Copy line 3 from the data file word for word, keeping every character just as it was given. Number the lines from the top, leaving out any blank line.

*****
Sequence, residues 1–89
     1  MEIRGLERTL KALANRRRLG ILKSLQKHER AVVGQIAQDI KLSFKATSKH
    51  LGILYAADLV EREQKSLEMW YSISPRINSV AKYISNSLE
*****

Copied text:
    51  LGILYAADLV EREQKSLEMW YSISPRINSV AKYISNSLE